Louisiana: Government, Politics, and Higher Education

Government, Politics, and Higher Education

Louisiana has had 11 constitutions since it was admitted to the union in 1812. Its present constitution (1975) replaced the constitution of 1921, which had been amended more than 500 times. The state's executive branch is headed by a governor elected for a four-year term and allowed one reelection. Louisiana's bicameral legislature has a senate with 39 members and a house of representatives with 105 members, all elected for four-year terms. Louisiana is the only state to call its counties parishes, a holdover from the Spanish religious divisions. The state elects two senators and six representatives to the U.S. Congress and has eight electoral votes. Almost solidly Democratic between 1877 and the 1990s, Louisiana has had a more turbulent political climate in recent years.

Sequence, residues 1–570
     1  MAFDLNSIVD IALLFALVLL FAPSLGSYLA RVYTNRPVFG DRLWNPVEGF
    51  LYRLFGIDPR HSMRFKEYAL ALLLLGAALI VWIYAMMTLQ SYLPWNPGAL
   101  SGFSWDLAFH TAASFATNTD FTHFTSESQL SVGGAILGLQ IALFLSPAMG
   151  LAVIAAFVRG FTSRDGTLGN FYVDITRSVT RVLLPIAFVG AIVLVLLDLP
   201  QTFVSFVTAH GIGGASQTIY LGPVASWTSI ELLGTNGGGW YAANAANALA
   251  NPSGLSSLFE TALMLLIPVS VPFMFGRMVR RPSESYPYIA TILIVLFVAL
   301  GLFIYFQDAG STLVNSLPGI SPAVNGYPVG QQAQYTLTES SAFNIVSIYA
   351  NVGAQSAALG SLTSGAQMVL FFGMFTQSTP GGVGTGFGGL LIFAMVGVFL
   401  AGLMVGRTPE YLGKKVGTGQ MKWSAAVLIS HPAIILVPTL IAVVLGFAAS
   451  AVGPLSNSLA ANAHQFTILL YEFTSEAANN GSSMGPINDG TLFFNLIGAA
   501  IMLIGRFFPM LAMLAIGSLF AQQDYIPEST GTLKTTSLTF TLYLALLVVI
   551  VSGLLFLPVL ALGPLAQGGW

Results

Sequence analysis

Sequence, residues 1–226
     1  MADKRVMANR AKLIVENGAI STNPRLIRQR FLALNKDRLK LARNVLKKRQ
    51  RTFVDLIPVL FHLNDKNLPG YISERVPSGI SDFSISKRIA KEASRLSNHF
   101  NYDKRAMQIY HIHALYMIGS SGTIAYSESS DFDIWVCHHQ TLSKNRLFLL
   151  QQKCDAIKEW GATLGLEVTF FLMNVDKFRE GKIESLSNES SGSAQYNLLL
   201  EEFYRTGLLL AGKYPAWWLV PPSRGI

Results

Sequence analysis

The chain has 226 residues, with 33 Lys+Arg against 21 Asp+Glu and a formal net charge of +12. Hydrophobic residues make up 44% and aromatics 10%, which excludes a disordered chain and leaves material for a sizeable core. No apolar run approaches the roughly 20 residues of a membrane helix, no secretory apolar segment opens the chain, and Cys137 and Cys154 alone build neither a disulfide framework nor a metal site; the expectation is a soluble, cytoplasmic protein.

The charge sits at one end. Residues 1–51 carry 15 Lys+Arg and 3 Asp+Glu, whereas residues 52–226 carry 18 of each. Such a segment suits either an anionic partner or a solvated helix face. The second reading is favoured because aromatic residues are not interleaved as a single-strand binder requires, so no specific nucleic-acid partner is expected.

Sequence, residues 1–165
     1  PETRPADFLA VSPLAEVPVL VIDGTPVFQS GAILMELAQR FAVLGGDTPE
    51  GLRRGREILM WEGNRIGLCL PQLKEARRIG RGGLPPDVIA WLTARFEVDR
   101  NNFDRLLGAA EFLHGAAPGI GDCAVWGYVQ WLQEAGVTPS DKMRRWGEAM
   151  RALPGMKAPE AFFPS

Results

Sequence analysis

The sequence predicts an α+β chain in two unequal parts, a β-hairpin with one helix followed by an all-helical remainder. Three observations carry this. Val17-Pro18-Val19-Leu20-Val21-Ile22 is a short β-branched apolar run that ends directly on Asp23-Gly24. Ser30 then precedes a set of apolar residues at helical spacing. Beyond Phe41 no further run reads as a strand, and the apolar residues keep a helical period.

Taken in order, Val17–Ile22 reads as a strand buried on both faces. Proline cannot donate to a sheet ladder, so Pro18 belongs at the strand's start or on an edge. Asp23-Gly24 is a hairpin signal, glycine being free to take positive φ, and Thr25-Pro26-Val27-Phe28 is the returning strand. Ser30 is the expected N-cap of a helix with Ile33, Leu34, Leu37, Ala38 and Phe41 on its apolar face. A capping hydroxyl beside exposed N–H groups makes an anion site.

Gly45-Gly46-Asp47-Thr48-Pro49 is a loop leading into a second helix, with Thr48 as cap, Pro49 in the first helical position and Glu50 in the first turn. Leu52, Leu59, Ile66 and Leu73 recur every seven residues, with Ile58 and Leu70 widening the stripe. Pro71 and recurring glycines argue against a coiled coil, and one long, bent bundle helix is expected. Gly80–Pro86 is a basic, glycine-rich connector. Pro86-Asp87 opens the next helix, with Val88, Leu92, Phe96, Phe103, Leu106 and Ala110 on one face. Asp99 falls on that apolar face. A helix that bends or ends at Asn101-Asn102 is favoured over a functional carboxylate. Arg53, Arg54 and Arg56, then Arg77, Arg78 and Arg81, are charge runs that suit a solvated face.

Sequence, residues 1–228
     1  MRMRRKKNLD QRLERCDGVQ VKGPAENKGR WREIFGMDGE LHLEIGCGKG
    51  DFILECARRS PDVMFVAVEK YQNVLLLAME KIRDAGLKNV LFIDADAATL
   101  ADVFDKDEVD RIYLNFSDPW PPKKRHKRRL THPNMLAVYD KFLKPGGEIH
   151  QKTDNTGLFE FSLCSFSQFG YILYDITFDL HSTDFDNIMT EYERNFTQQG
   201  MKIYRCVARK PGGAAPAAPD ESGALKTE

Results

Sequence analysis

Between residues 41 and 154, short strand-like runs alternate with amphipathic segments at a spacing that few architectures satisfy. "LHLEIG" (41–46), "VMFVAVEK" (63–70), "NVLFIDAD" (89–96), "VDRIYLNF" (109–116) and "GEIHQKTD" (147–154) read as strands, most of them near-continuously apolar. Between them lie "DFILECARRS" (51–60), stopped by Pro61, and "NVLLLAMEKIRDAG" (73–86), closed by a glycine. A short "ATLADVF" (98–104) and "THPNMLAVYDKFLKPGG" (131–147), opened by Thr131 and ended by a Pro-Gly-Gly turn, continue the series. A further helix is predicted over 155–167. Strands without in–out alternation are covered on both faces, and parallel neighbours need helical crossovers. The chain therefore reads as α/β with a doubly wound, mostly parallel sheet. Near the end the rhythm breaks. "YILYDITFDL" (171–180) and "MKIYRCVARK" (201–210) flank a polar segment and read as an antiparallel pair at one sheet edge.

Among the state's more prominent institutions of higher learning are Tulane Univ., the Univ. of New Orleans, Dillard Univ., Southern Univ., and Loyola Univ., all at New Orleans; Louisiana State Univ. and Agricultural and Mechanical College, mainly at Baton Rouge; the Univ. of Louisiana at Lafayette; Grambling State Univ., at Grambling; and Louisiana Tech Univ., at Ruston.

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